Europe's Mad Cow Fight May
Lead To New Food Scare
By Elizabeth Piper
LONDON (Reuters) - European measures to combat the spread of mad cow disease could open the gates to a new food scare if genetically-modified soymeal replaces ground carcasses in animal feed, UK environmentalists said on Wednesday.
A ban by the European Union (EU) on all meat and bone meal in animal feed blamed for the spread of bovine spongiform encephalopathy (BSE) in cattle has sparked panic buying of soymeal and may force food producers to turn to GM versions.
``We're just replacing one set of questions with another set of questions,'' Andy Tait, a campaigner at environmental group Greenpeace, told Reuters.
``Nobody has any idea what the long term impact of feeding GM soymeal to animals will be, rather like no one had any idea what the long term impact of feeding meat and bone meal to animals would be. It's a risk we really cannot afford to take again.''
European officials have said the ban would force producers to source a shortfall of between 2.15 to 2.2 million tons of soybean meal from the U.S., where GM crops are widely planted.
More than 90 percent of Argentina's soy crop, the world's third largest, is of the genetically-modified Roundup Ready variety, traders in Buenos Aires said earlier this month.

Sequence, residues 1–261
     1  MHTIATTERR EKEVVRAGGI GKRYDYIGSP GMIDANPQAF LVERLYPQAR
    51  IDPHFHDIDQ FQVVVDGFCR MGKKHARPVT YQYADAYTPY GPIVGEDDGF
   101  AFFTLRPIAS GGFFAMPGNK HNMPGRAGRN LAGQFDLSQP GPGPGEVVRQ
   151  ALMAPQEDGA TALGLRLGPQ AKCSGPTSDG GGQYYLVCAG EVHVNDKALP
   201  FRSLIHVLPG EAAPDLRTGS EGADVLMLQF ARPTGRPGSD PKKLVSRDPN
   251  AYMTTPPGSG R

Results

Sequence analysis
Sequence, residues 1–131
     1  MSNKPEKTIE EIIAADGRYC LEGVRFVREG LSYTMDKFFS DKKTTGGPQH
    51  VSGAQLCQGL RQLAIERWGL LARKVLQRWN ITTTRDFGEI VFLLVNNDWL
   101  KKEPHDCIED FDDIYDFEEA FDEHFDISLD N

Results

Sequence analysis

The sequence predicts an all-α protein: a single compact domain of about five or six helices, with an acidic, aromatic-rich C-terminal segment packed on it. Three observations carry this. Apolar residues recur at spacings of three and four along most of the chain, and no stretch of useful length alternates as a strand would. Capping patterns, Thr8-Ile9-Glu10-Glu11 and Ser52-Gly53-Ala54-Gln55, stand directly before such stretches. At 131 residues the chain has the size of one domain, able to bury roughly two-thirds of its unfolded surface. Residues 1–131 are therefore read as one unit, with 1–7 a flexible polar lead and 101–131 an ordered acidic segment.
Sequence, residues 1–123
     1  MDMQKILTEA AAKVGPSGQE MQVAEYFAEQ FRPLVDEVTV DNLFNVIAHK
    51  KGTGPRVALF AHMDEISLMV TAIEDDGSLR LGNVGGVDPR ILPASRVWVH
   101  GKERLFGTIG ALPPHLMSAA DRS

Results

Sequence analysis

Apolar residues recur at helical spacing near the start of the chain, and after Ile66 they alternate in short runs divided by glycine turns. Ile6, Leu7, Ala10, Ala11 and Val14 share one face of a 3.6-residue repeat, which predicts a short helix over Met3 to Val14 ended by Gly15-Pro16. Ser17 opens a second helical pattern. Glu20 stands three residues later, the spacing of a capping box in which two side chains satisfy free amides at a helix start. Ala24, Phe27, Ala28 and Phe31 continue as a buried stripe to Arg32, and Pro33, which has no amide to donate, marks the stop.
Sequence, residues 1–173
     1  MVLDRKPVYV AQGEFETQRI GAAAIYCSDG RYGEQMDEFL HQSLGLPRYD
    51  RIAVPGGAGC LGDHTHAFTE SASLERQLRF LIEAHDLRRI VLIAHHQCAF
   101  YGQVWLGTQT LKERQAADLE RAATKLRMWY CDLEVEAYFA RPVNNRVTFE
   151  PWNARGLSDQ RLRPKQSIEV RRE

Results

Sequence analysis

A slew of food safety scares has turned public opinion against GM crops, despite government reassurances on their safety, with many consumers calling for clear labeling of meat from animals fed with gene-modified meal.
``We would appeal to companies when they are sourcing soya, to actually source non-GM soya. There is a bulk quantity of non-GM soya available and it's extremely important they source segregated non-GM Soya for their meat,'' Tait said, adding that much U.S. soymeal is unsegregated. Environmental group Friends of the Earth said a move to genetically modified feed proved countries had yet to learn the ''BSE lesson''.
``We should learn from the BSE crisis and stop messing around with the food we feed to both animals and human beings,'' Adrian Ebb, a campaigner from Friends of the Earth, said.
He said UK supermarkets and food manufacturers had begun to listen to the public's demand for non-GM meat. In a recent poll, 63 percent of Britain's shoppers said they wanted supermarkets to drop GM ingredients from animal feed.
``Supermarkets and food manufacturers have listened and are now promising to do just this,'' Ebb said.
``It would be outrageous if as a result of BSE even more GM food was imported into this country.''

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